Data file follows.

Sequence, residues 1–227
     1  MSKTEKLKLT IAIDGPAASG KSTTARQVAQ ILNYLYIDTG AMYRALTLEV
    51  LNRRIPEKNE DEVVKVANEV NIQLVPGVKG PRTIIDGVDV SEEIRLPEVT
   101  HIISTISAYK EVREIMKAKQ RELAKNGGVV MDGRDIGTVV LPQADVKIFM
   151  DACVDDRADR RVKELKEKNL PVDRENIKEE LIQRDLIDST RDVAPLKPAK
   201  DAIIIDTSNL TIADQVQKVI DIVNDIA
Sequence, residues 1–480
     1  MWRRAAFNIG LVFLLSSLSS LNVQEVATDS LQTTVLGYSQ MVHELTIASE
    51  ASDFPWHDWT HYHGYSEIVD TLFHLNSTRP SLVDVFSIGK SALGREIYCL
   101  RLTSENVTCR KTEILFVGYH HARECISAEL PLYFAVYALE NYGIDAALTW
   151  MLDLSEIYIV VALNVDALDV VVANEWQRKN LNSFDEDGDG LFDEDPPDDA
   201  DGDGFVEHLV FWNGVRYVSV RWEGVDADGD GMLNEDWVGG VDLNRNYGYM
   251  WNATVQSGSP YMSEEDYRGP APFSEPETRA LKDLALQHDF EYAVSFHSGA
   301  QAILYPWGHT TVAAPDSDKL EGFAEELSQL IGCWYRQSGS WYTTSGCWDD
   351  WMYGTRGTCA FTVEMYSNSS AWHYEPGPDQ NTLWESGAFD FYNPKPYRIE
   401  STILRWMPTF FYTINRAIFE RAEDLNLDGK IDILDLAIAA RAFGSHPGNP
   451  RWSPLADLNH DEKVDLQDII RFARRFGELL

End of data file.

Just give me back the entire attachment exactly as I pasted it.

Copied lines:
Sequence, residues 1–227
     1  MSKTEKLKLT IAIDGPAASG KSTTARQVAQ ILNYLYIDTG AMYRALTLEV
    51  LNRRIPEKNE DEVVKVANEV NIQLVPGVKG PRTIIDGVDV SEEIRLPEVT
   101  HIISTISAYK EVREIMKAKQ RELAKNGGVV MDGRDIGTVV LPQADVKIFM
   151  DACVDDRADR RVKELKEKNL PVDRENIKEE LIQRDLIDST RDVAPLKPAK
   201  DAIIIDTSNL TIADQVQKVI DIVNDIA
Sequence, residues 1–480
     1  MWRRAAFNIG LVFLLSSLSS LNVQEVATDS LQTTVLGYSQ MVHELTIASE
    51  ASDFPWHDWT HYHGYSEIVD TLFHLNSTRP SLVDVFSIGK SALGREIYCL
   101  RLTSENVTCR KTEILFVGYH HARECISAEL PLYFAVYALE NYGIDAALTW
   151  MLDLSEIYIV VALNVDALDV VVANEWQRKN LNSFDEDGDG LFDEDPPDDA
   201  DGDGFVEHLV FWNGVRYVSV RWEGVDADGD GMLNEDWVGG VDLNRNYGYM
   251  WNATVQSGSP YMSEEDYRGP APFSEPETRA LKDLALQHDF EYAVSFHSGA
   301  QAILYPWGHT TVAAPDSDKL EGFAEELSQL IGCWYRQSGS WYTTSGCWDD
   351  WMYGTRGTCA FTVEMYSNSS AWHYEPGPDQ NTLWESGAFD FYNPKPYRIE
   401  STILRWMPTF FYTINRAIFE RAEDLNLDGK IDILDLAIAA RAFGSHPGNP
   451  RWSPLADLNH DEKVDLQDII RFARRFGELL